Noah Zeichner, a teacher at Seattle’s Sealth High, was recently named World Educator of the Year by the Seattle branch of the World Affairs Council.
He was honored for years of work teaching classes in global education and more recent efforts as one of about half-dozen teacherpreneurs with the Center for Teaching Quality, a nonprofit based in North Carolina.
We asked Zeichner to talk a little about his interest in global education and just what it means to be a teacherpreneur.
Q: What is a teacherpreneur?
A: Teacherpreneurs are teachers who devote time during the school day to teaching students as well as leading in various ways outside of the classroom. Some are involved in policy work for part of the day, some coach or mentor other teachers, and some are technology or curriculum leaders. The key is: it’s a hybrid role in which the teacher is still in the classroom every day.
There are many opportunities for teachers to lead on top of teaching full-time, but the Center for Teaching Quality is trying to facilitate the creation of hybrid roles.
Q: How did you become a teacherpreneur?
A: I was approached by the Center for Teaching Quality a little over three years ago. The first year my hybrid role had a policy focus. Then I wanted to design my own role, one that would benefit my school and my students the most. That’s when I decided to focus on global education.
Q: Why are you so passionate about global education?
A: Global education means much more than just learning about the world — it means learning the skills needed to interact with the rest of the world. We face so many complex, urgent problems on our planet today, and the only way we’re going to solve them is if our leaders — and future leaders — are able to work together across cultural and political boundaries.
These skills — sometimes called 21st-century skills — include critical thinking, communication, collaboration and creativity. While we know that these are the skills that students most need to be successful in the real world, they’re not the skills assessed on standardized tests, and that’s a big disconnect.
Q: What do you do as a global educator?
A: For the Center for Teaching Quality, I’m helping build a new global teacher network that will help teachers from around the world collaborate on their teacher practice and policy issues.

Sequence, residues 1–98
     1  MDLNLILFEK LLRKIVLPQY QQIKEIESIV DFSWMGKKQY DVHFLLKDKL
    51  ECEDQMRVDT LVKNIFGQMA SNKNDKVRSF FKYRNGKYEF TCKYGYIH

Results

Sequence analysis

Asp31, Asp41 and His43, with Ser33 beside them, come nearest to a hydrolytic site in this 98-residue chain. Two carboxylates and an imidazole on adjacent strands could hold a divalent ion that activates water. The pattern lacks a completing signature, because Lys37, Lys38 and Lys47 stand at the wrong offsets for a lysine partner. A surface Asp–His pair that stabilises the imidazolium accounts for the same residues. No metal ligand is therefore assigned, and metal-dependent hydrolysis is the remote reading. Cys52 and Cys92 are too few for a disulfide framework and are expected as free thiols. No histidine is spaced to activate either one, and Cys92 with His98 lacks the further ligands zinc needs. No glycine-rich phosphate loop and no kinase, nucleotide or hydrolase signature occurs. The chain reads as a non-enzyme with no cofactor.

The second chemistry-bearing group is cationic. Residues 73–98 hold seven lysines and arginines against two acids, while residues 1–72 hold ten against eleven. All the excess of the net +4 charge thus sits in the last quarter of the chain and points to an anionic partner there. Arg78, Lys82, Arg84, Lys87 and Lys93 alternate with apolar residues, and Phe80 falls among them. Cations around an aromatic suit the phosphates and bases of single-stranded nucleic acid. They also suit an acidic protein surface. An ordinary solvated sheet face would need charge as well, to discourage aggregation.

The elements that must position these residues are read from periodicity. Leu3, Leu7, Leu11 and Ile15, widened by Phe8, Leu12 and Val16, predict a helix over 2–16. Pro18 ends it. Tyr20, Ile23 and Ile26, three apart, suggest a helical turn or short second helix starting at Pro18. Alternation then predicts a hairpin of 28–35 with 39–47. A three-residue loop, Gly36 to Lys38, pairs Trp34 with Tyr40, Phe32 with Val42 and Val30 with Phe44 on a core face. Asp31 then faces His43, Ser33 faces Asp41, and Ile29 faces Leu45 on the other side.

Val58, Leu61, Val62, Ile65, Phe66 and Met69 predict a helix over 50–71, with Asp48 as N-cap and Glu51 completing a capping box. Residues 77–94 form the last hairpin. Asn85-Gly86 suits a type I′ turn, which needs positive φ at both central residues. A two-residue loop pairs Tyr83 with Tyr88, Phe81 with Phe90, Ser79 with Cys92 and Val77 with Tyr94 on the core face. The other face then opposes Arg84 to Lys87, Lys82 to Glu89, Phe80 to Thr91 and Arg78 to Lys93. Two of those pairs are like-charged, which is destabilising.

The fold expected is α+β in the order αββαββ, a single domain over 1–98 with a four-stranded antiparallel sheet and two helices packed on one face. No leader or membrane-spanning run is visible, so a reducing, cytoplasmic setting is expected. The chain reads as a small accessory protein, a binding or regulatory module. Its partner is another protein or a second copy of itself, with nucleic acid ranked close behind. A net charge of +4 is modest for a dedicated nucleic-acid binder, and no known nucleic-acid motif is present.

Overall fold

In Seattle, Seattle Public Schools is a member of the Global Cities Education Network, and I’m a member of the district’s delegation. The network includes 10 cities — five in North America and five in Asia and Australia.
The other cities are very interested in Seattle’s international schools — and not just the schools’ dual-language immersion programs, but the fact that teachers are thinking about ways to incorporate 21st-century skills into their instruction.
Q: What are some examples of teaching those skills from your school?
One is World Water Week, a schoolwide ideas festival designed and led by students. This year’s theme is plastic pollution as it relates to water. The big public event will be March 25 at Sealth High, where filmmaker and photographer Chris Jordan will share his work.
Another is a project that will put World Water Week out of business in a good way because we are embedding the Water Week content into the core curriculum. Last Friday, for example, all 300 Sealth freshmen went to 12 different places in the community to collect ideas, and do research for water projects. They are studying a local or global water problem and then must take some kind of action — raising awareness, fundraising, teaching younger kids, something beyond just demonstrating that they’ve learned the content.
Q: Could you have helped bring about such projects without being a teacherpreneur?
A: There is no doubt that the hybrid role has made this work easier. It has allowed me to work on a variety of exciting projects. This coming summer, for example, I am collaborating with Global Visionaries and a few other partners to create the first Global Leadership Summer Institute for teachers.